Written by Serie McDougal
One of the unsung solutions in Black higher education is the role that Black Culture Centers (BCC) play in the college experiences of Black students. This is especially true for Black students on campuses, where they are underrepresented and/or in the numerical minority. On these campuses Black students face marginalization, social, isolation, underrepresentation in curriculum, and lack of cultural understanding. This can result in diminished sense of school-pride and spirit, and sense of belongingness. According to Patton (2006) Black students explain that they are sometimes stereotyped and treated in one of four ways: “as the spokesperson for all black people; as the academically underprepared beneficiary of affirmative action; as the angry, defensive minority; or as the invisible student” (p.2). In one of the few studies on the impact of Black Culture Centers, Patton (2006) interviewed students who participated in BCCs. She explains how BCCs benefit students in many ways, including increased opportunities for involvement and preparation for student leadership, a richer understanding of their community, enhanced development of their black identity, increased pride in their shared history, and an enrichment of strategies for thriving in college.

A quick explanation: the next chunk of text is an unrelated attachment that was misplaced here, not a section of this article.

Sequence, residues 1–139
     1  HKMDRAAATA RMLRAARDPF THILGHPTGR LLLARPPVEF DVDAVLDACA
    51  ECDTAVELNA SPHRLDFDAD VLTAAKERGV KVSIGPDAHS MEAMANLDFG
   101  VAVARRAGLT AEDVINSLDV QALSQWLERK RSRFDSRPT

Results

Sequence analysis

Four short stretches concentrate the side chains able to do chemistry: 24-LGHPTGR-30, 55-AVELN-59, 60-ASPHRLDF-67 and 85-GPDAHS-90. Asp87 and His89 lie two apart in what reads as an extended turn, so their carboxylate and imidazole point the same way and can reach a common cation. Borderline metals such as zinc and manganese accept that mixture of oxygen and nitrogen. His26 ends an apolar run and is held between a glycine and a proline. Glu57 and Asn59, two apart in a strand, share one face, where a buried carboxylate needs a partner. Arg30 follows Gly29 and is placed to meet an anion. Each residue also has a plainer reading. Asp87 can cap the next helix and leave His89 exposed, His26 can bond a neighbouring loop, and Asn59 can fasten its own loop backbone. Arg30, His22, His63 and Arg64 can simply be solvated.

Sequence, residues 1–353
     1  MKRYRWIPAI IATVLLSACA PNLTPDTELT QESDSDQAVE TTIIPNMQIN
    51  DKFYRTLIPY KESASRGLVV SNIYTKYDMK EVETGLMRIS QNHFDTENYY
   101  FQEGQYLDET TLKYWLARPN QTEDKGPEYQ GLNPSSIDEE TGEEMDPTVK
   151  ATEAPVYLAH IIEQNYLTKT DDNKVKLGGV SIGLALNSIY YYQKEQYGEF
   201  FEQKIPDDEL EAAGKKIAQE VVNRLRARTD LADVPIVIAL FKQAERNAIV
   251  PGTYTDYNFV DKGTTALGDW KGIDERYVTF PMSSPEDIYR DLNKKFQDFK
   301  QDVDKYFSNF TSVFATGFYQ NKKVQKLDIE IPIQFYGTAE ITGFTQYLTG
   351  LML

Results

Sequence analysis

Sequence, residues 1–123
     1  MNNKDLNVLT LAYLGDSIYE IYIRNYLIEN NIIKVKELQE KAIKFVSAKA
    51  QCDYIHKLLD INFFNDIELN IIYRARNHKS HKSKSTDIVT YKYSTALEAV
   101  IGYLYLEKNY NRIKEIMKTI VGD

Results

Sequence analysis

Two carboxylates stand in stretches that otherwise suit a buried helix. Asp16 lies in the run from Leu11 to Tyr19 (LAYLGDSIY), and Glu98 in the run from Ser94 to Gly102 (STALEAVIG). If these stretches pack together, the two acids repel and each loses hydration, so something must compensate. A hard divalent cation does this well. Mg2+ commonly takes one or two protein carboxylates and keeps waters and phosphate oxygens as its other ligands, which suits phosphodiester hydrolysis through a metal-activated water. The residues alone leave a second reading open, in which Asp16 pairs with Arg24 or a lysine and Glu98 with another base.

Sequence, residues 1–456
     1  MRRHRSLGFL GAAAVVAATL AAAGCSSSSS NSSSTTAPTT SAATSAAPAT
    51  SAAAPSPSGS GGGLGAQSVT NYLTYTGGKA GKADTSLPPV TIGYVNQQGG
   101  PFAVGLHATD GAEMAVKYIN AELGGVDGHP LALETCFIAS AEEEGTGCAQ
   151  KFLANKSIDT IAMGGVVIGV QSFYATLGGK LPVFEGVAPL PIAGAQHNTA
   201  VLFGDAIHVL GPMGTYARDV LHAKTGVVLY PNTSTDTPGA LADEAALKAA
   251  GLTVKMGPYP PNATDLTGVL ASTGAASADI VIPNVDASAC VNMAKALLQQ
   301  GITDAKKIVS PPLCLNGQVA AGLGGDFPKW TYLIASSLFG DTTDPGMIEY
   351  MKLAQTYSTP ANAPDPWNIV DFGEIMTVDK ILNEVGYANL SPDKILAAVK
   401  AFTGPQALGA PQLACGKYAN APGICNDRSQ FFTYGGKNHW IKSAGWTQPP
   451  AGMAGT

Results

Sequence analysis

Students reported that the Black culture center’s activities and workshops taught them leadership and organization skills. They also provided them opportunities for leadership, and served as a pathway to membership in campus wide organizations.
Students reported that the Black culture center provided them with culture specific services that were geared toward their needs and interests and styles. The center provided them with an opportunity to form social relationships with other students and faculty and staff. They felt that faculty and staff at the centers were like mother and father figures and their peers, like family members.
HISTORICAL PRIDE AND IDENTITY
Students reported that the Black culture center provided them a place to learn about their culture and identity. They believed that the BCC was a place they could learn about and discuss Black issues and current ideas.
SELF-PRESERVATION AND MATTERING
Students felt that the BCC was a place they could go and feel a sense of comfort and relief. For them, they could speak freely and not feel treated as strange at the Black culture center compared to the larger campus.
Black Culture Centers are able to accomplish these outcomes through a range of services, including:
Pre College Programs
OPPOSITION AND MISCONCEPTIONS ABOUT BCCs